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13 months ago
pro choice 1
It has been universally recognized by all societies and throughout history, including religious ones, that a person’s rights wax and wane during their lifetime based upon their age and capacity.
Rights are acquired in a continuous process that begins at conception, reaches it’s peak at the age of majority, and ultimately declines with old age and senility. Children have never had rights equal with adults because of their lack of capacity. Which is generally a function of age.
No one questions it when a parent restricts a young child’s right to liberty by turning off the TV and sending them to bed at 9pm then requiring them to spend 6+ hours per day in school, often times against their will. Lack of capacity is one of the few legitimate and socially acceptable reasons to discriminate against someone’s rights. The younger a person is, the fewer rights they have. And unborn children have the fewest and weakest rights of all.
Pro-life advocates publicly claim that abortion is murder because it intentionally kills a person without justification. But the fact that few if any pro life advocates think that abortion should be treated like criminal first degree murder, including conspiracy to commit murder for the mother, the father and any other participants, suggests that they don’t actually believe their claim.
"Jesus makes it clear throughout the gospel accounts that the things we do are more revealing than the things we claim."
Pro life attitudes and the absence of laws that treat and punish abortion participants equal to criminal murders and co-conspirators are society’s acknowledgement that unborn children have fewer and weaker rights than adults.
Greater society does not, never has, and never will treat abortion as criminal murder because it recognizes that the rights of an unborn child, including the right to life, are inferior. Abortions is justified for this reason.
Abortion is a moral dilemma regarding the balance of rights between a mother and her unborn child. Yes an unborn child has value. And yes an unborn child has rights. But so does the mother have rights. An unborn child does in fact has the right to life which begins at the moment of conception and progresses to perfection with age. While the right to life is the most fundamental right and the easiest to perfect, for a period of time the unborn child’s right to life is inferior and subject to the mother’s superior rights because of it’s diminished capacity and the burdens it places on the mother.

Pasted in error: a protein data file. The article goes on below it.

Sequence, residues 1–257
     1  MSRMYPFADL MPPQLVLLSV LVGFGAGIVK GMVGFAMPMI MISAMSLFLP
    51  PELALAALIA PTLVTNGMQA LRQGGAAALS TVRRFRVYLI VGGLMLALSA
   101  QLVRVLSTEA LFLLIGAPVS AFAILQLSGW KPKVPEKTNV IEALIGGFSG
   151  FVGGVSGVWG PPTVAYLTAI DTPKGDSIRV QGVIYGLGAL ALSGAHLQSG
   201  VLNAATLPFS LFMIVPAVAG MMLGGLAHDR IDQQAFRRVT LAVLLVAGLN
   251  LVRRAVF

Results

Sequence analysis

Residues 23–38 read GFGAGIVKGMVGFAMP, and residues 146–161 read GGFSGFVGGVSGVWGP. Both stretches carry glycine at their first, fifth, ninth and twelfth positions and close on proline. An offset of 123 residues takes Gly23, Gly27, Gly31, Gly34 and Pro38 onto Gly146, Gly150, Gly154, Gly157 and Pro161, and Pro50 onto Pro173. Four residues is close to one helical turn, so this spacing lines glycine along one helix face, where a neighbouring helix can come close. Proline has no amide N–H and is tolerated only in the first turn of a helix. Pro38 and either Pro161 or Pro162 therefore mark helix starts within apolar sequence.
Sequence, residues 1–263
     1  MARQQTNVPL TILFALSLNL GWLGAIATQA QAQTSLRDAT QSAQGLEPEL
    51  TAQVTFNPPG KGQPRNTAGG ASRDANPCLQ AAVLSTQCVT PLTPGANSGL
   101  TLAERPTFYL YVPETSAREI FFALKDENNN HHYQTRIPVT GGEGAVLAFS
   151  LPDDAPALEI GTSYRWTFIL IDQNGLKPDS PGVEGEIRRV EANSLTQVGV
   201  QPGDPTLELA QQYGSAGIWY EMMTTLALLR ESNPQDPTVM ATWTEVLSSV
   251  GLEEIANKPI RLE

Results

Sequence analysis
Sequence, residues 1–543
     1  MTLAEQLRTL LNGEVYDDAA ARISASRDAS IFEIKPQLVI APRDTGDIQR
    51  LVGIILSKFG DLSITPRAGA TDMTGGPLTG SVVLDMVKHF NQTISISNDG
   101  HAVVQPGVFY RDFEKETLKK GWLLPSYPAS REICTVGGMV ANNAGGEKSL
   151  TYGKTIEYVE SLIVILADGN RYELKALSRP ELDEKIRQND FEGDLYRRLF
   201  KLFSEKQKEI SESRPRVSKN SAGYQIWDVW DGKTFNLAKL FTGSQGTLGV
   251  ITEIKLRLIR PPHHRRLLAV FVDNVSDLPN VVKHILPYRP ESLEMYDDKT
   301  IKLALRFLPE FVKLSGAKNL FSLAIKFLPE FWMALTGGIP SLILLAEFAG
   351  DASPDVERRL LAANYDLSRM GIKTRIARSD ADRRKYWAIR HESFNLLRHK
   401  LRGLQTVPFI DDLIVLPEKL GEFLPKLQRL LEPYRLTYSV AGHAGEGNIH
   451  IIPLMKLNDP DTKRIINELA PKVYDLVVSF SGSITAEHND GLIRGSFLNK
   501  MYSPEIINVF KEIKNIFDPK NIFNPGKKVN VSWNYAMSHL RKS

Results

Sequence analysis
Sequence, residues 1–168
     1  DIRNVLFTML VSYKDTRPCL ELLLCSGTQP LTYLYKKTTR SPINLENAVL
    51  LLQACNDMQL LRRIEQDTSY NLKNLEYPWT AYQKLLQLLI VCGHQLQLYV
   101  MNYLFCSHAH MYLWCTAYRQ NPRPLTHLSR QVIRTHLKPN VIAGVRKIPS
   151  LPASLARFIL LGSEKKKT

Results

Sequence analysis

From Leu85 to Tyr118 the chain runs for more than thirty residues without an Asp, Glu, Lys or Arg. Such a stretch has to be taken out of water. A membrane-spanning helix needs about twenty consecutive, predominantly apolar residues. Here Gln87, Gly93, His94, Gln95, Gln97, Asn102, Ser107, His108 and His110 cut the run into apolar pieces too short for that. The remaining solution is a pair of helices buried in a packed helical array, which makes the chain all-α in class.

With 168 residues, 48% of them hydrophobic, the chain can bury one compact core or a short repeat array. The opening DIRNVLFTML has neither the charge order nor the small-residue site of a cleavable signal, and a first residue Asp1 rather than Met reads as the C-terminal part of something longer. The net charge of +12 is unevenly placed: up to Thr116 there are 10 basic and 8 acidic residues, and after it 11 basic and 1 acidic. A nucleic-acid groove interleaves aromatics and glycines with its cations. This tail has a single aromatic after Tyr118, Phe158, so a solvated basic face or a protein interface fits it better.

Because of their relative rights and the magnitude and nature of the burdens that carrying a child places on the mother’s life, her body, her health, her liberty, etc., the mother has the right but not the duty to carry the child to term. But if a mother elects to give birth she has the duty to the child and to society to do see that it is as healthy as possible. The massive size and nature of the burdens and her inability to delegate them is why the decision to carry the child to term or to have an abortion solely rests with the mother.
4 years ago
This was a really good article Rachel, and very much the reason I think that my fellow lefties should be the most pro-life political group of all. That said, I want to play a devil's advocate here, and argue against your article (albeit, from a more left-liberal-libertarian perspective than my actual views). I'd like to pose that there is a fairly commonly held third option that a supporter of legal abortion can try to take (and indeed should try to, as I think that both argument above fail as stated) which concedes that
a) The unborn are human, and abortion is directly killing them.
b) By virtue of human equality, abortion is in and of itself a bad thing.
The way I would try to argue for the premise that
c) Abortion should remain very broadly legal.
without thinking that it contradicts premises a) and b) would be to argue for the somewhat longer premise d), which states that
d) Policies which directly restrict abortion access have a minimal effect on the abortion rate, while economically disempowering women and causing more women to end up in poverty, and that as a consequence the long-term effects of banning abortion creates conditions that increase poverty rates enough that it drives the abortion rates up more than would have been the case had it remained legal and thereby has effects that cause more abortions.